As the stats above indicate, overworked pastors often end up in dangerous spiritual and emotional places. Though I think many pastors would agree that being supported and appreciated helps lighten the effects of being overworked, it is often not enough if the expectations remain too high. Not only will your pastor and his family be put in danger if they are overworked and under appreciated, but your entire church will be put in danger. There are countless stories of church collapses and downfalls. Many of these begin with the collapse and downfalls of their pastors. And many of these downfalls began because those pastors were overworked, under appreciated, and unable to deal healthily with the burden of unrealistic expectations. As a result, since they are still sinful human beings, they turned to unhealthy avenues for the comfort, rest, support, joy, or satisfaction that they should be receiving from the church. If your church’s expectations of your pastor are too high, it is only a matter of time before something bad happens in your pastor’s life and in your church’s life.

5. There is a finite number of people we can truly know.

This point applies not only to pastors, but to all people – especially in a church context. However you feel about well-known author Malcolm Gladwell, his writing is fascinating and has much to offer church leaders and church members. In his book, “The Tipping Point” Gladwell discusses anthropologist Robin Dunbar’s research on social relationships. He suggests that the average person can only share in deep, intimate relationship with 12 people (p. 176) and that the number of people that the average person can share in normal, social relationship with comes out to 147.8, or about 150 people (p. 179). Whether or not these exact numbers are accurate, the point remains the same – all of us have a finite number of people with whom we can share close, personal relationship. We can have about 12 very close relationships, and about 150 acquaintance-level relationships where we know each other, know about each other, and would consider ourselves friends.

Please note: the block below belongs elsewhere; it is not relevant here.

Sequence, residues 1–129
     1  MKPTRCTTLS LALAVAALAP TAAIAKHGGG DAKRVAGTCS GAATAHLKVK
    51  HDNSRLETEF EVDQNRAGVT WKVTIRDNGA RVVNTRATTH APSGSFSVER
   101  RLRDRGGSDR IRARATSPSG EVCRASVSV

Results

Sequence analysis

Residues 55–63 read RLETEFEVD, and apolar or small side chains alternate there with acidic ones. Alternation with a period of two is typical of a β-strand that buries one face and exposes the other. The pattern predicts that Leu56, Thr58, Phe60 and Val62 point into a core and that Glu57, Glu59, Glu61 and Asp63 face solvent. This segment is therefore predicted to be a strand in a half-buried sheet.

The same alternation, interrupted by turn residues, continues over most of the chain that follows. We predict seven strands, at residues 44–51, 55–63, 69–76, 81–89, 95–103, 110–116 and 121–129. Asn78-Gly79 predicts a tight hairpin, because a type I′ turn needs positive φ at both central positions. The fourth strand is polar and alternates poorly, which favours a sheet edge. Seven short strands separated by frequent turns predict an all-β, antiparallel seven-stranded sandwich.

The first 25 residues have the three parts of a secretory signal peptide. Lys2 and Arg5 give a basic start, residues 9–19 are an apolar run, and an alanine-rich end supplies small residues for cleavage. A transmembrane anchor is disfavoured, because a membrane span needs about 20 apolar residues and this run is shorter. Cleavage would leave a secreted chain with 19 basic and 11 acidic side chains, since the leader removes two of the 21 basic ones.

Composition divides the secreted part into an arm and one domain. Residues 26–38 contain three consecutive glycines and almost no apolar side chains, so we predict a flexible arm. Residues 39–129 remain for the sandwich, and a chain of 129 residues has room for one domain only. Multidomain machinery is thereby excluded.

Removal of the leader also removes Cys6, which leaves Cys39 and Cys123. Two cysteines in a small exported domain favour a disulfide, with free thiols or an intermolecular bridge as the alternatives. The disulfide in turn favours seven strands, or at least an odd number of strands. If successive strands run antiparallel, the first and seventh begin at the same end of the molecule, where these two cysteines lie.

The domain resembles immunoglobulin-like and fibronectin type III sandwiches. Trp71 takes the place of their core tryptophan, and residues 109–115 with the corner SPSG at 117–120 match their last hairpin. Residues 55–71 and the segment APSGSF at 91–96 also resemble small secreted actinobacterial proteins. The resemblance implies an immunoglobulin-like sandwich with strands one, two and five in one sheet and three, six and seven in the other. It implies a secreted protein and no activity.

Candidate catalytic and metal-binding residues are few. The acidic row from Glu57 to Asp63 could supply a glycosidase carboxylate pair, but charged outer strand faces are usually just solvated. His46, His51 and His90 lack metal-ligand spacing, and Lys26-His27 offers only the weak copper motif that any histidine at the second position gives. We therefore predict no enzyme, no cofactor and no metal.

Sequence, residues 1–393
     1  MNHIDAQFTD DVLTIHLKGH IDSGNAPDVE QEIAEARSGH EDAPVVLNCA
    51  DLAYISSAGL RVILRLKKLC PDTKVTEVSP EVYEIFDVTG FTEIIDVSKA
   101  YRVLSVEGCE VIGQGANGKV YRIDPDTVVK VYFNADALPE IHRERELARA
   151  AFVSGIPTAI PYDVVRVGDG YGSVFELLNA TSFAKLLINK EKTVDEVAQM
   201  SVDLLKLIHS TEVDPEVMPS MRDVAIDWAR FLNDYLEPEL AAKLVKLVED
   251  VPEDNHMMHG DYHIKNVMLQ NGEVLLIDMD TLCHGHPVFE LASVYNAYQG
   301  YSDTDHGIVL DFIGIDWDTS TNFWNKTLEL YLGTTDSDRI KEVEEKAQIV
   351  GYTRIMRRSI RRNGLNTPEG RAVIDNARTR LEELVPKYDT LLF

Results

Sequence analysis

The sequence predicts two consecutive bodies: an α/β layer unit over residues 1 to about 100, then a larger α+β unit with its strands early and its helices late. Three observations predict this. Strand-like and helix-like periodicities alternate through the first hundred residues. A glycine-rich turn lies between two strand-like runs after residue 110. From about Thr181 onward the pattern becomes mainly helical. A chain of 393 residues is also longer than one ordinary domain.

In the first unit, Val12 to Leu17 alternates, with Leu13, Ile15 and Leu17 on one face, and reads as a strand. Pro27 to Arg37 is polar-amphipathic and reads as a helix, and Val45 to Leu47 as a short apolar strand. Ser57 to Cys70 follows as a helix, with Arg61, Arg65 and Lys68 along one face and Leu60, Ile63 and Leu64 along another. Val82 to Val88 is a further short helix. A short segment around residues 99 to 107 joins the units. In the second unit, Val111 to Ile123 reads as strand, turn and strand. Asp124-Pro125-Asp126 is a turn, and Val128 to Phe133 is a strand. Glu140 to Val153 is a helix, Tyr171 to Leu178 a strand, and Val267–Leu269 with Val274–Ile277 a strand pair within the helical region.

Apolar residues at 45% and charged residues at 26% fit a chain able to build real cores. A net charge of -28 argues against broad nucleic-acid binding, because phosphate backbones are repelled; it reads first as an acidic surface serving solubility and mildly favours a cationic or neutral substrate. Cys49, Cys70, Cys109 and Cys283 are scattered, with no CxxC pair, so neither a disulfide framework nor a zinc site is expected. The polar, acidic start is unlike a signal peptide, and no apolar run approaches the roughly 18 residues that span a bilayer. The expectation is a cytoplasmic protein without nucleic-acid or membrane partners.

Most churches probably expect their pastors to know everything about everyone. Not only that, they probably expect them to care deeply about every single thing that every single church member and their extended family are going through. Pastors are no exception to the limits of social relationships. While they do care and they try to remember, it is unrealistic to expect your pastor to have 150 close, intimate relationships when is only emotionally able to sustain fraction of that. And it is unrealistic to expect your pastor to know everything and care deeply about your congregation of 400 when he is probably only capable of doing so for less than half that. Cut your pastor some slack – it is unhealthy and unfair of you to expect him to remember and care about every single thing going on in every single person’s life.


Though all of this is true, pastors also have a responsibility to guard themselves and their families, to learn how to say no to things, to rest and rejuvenate, to work hard to know and love their flock, and so on. The fact is most churches have unrealistic expectations for their pastors, but it is the pastor’s job to fight through the tough times and shepherd the congregation through adversity. Churches, please have realistic and fair expectations of your pastors – if you don’t, both your pastor and your church could suffer greatly. Pastors, please stay faithful and true to your congregation no matter the circumstances. Be strong and courageous and lead your people closer to the Lord.


What do you think about this? Have you ever experienced pastor burnout, either as a pastor or a church member? Do you think churches expect too much from their pastors? Please respectfully share your thoughts in the comment section below.




2 thoughts on “Why You Shouldn’t Expect Your Pastor To Do Everything

  1. Good article. My husband’s biggest problem was a feeling of isolation. Though surrounded by so many good men n women, he felt the burden to keep the church “running” on every level. He felt it was his responsibility. Some of this was self-imposed however. As the spouse, I was not mistreated but neither did I feel accepted and welcomed by many….not all. I had to work hard to get in the “good graces” of the women, esp. those of my age. We did have many wonderful blessed times but do not miss the role we had in the church. No longer tied to expectations


  2. Really good stuff, Noah. I’ve actually been razor close to burnout before. The most difficult part was my inability to see a way out. It took God a long while to get my attention. Most times pastors pull away and try to handle it themselves not realizing they got themselves in that position in the first place. The scariest part, I never thought I was even susceptible to burnout. Thanks for sharing.